Something Special this Mother's Day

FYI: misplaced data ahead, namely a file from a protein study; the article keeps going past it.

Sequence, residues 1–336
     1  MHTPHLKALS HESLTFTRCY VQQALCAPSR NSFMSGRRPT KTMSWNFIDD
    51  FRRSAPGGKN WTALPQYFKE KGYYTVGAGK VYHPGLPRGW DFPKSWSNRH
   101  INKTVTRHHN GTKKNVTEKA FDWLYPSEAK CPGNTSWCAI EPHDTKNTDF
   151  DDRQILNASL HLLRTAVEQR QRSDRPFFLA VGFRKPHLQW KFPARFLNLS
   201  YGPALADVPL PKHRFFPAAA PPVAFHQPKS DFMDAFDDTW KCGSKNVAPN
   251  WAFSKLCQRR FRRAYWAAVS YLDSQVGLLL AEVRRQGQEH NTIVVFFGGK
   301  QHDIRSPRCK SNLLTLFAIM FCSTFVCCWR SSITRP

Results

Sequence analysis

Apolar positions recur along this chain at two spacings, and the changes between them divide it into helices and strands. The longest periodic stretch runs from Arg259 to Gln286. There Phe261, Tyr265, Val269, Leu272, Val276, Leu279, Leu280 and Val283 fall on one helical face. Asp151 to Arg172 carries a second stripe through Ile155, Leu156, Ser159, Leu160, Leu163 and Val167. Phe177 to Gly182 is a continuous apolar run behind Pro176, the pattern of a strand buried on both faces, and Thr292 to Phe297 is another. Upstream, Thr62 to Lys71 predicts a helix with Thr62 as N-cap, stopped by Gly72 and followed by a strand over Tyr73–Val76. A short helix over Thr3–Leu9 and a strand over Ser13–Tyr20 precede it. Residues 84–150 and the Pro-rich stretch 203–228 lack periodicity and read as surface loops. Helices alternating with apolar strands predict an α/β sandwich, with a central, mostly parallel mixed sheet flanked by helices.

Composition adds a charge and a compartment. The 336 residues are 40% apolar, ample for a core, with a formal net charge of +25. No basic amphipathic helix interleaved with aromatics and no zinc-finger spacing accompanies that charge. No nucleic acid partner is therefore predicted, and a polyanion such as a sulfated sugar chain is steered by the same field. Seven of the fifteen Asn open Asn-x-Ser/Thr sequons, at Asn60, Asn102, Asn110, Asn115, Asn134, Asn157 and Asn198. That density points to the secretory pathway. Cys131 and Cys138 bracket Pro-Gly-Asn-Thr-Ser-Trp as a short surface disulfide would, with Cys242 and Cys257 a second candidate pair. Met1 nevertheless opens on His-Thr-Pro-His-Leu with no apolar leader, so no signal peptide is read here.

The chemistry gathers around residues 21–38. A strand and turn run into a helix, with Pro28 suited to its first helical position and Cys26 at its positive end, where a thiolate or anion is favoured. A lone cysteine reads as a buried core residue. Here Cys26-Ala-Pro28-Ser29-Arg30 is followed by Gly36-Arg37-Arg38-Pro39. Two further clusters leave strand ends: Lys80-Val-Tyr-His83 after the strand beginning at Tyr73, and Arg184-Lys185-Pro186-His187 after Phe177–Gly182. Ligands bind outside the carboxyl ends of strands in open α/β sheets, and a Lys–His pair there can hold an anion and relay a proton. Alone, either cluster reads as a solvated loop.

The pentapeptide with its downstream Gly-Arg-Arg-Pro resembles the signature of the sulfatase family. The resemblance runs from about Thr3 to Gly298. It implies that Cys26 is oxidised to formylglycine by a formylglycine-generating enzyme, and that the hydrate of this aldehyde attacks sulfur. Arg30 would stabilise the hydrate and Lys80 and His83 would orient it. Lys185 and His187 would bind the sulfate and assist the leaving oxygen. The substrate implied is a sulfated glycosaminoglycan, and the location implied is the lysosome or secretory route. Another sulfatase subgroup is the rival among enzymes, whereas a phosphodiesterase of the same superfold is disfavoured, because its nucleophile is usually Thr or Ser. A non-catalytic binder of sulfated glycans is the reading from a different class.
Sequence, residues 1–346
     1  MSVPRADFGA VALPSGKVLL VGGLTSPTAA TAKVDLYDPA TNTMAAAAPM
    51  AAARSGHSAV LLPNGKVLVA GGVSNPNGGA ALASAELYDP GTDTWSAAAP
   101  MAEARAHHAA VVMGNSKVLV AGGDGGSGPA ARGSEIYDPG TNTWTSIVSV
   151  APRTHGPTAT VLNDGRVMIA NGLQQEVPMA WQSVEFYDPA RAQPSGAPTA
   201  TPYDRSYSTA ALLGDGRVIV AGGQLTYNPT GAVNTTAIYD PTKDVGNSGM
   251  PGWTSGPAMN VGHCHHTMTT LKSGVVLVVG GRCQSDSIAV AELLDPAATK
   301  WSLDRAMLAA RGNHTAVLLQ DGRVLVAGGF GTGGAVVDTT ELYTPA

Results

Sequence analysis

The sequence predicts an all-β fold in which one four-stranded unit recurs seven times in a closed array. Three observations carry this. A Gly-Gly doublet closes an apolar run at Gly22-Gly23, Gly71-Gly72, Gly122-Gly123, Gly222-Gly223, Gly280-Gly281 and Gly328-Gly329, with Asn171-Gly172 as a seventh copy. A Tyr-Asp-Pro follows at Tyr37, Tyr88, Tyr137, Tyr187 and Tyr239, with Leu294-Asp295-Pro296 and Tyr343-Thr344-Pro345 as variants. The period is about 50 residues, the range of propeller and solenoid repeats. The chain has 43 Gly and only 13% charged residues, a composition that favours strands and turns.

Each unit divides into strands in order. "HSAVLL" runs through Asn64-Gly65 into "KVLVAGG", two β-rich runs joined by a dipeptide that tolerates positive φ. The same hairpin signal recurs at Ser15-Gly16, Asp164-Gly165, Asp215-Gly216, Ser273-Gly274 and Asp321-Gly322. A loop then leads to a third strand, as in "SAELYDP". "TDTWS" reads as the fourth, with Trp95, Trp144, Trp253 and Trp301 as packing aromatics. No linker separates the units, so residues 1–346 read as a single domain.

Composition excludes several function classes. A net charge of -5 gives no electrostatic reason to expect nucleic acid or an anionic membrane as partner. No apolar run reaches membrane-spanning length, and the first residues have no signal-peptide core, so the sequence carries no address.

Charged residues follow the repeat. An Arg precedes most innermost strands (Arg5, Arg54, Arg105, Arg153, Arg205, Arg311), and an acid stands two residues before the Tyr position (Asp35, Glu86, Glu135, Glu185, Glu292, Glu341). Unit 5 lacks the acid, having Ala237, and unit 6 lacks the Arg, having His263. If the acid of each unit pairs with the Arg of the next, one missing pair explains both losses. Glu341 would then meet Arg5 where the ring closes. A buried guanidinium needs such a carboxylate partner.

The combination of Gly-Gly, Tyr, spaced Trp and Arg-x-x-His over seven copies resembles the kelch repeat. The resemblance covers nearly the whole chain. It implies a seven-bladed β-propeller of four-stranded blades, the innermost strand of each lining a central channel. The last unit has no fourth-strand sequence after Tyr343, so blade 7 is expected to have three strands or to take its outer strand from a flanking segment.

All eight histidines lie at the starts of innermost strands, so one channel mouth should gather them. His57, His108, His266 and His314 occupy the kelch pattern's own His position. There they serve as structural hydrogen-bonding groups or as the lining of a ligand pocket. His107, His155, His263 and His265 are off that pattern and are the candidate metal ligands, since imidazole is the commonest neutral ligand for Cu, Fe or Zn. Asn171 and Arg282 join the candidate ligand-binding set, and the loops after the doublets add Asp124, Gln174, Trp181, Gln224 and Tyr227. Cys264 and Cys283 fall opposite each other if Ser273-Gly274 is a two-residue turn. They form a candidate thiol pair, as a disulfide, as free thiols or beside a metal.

The Provençal Costume and Jewellery Museum is an unexpected treat when visiting the French town of Grasse. Most visitors arrive to see the local perfumery and museum named in honour of the 18th century Rococo artist Jean-Honoré Fragonard, whose father was a master glove maker and perfumer. Jean-Honoré’s love of flowers is evident in the perfect, plump roses that invariably appear in his romantic paintings. Among the town’s cluster of museums and places of interest, textile lovers should seek out the former residence of the Marchioness of Cabris. This time weathered house, that was a Tribunal during the Revolution, now houses a private collection of 18th and 19th century Provençal costume. The collection is curated by Hélène Costa, granddaughter of Eugene Fuchs who, in 1926, founded Perfumerie Fragonard. Her contribution to the family business is made through the costume and jewellery of the region. Most pieces on display were made or worn by the women who were employed tending the fields of blowsy Provence roses, tuberose and jasmine. The floral motif spread to their costume, in their use of a multiplicity of the vibrant ‘Indienne’ cottons that were imported through Marseille in the late 18th century and became so popular that they provoked a spate of imitators. Typically they combined vibrant florals and paisleys in a startling mix of colours and patterns to brighten the traditional combination of tightly fitted bodice with full skirts that were slightly shorter to avoid trailing on the ground as they worked. A contrasting fitchu was worn crossed over the bodice, and often a large gem-set cross on a ribbon at the base of the throat. Three year subscribers will each receive a set of four Fragonard perfumed soaps – decorated in patterns from the museum's archives. Pretty and delicious these floral soaps would be a treat for anyone. Combined with the latest copies of Selvedge they'd make a perfect gift for Mother's Day on 6 March. Subscribe to Selvedge HERE. This is an extract from Sarah Jane Downing's article in issue 52 of Selvedge.